Nirvana And Hindu Moksha And The Hindu Religion

1851 WordsDec 10, 20158 Pages
Nirvana is used in Buddhism with varied meanings; nonetheless, it is a state of retracting from certain detractors in life. This means extinguishing or dispelling oneself from certain iniquitous characters. It is characterized by peace of mind and it saves man from the sufferings, the cycles of rebirth, and death. Nirvana could only be achieved by individuals who observed the laid down rules and detached themselves from sin. Moksha is a common belief in the Hindu religion and it describes a state where one’s soul connects with god’s soul. In the Hindu religion, achieving moksha removes one from the cycle of life and death, which is the state of reincarnation as one moves from one life to the next. In essence, moksha is a state of…show more content…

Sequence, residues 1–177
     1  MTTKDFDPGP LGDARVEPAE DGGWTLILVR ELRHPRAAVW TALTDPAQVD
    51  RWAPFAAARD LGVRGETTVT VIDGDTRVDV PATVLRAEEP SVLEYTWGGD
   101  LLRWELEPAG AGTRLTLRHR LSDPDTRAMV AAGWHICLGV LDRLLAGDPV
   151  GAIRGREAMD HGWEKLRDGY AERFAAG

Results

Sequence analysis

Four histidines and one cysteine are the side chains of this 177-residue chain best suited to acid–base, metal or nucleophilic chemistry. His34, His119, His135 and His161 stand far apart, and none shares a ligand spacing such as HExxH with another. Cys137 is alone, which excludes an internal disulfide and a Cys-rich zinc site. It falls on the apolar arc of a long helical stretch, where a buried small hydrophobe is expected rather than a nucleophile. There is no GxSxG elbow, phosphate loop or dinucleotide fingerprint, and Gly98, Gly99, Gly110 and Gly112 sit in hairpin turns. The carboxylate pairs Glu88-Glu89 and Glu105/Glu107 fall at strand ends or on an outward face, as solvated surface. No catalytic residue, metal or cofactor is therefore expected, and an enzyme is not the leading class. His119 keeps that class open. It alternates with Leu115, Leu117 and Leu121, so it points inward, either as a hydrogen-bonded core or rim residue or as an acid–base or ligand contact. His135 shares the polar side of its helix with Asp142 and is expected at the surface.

Therefore, nirvana is a state that is not achieved by many persons, only few individuals who through obedience of the laid down rules and detachment from sins of the world can acquire this state, which also cannot be described in ordinary terms. Hence, one can escape from the cycle of reincarnation as an individual acquires anatman, which means absence of soul. This is quite distinct from nirvana which is a state that is acquired even as an individual lives. In the Hindu religion, achieving moksha removes one from the cycle of life and death which is the state of reincarnation as one moves from one life to the next. In essence, moksha is a state of unification of one’s soul with that of the creator, therefore achieving oneness of atman and Brahman. However, this unity is described in two different ways according in Hinduism; the first descriptions which is referred to as the adveitaVedanta is understood to mean that one’s own soul is part of the creator’s own soul. An example is given of a single leaf of grass which is part of a wide field of green field hence the small individual leaves on the field constitute part of the field which in this case would be god’s soul. This approach is also known as the non-dualism; hence the two souls exist as one. The second thought is referred to as
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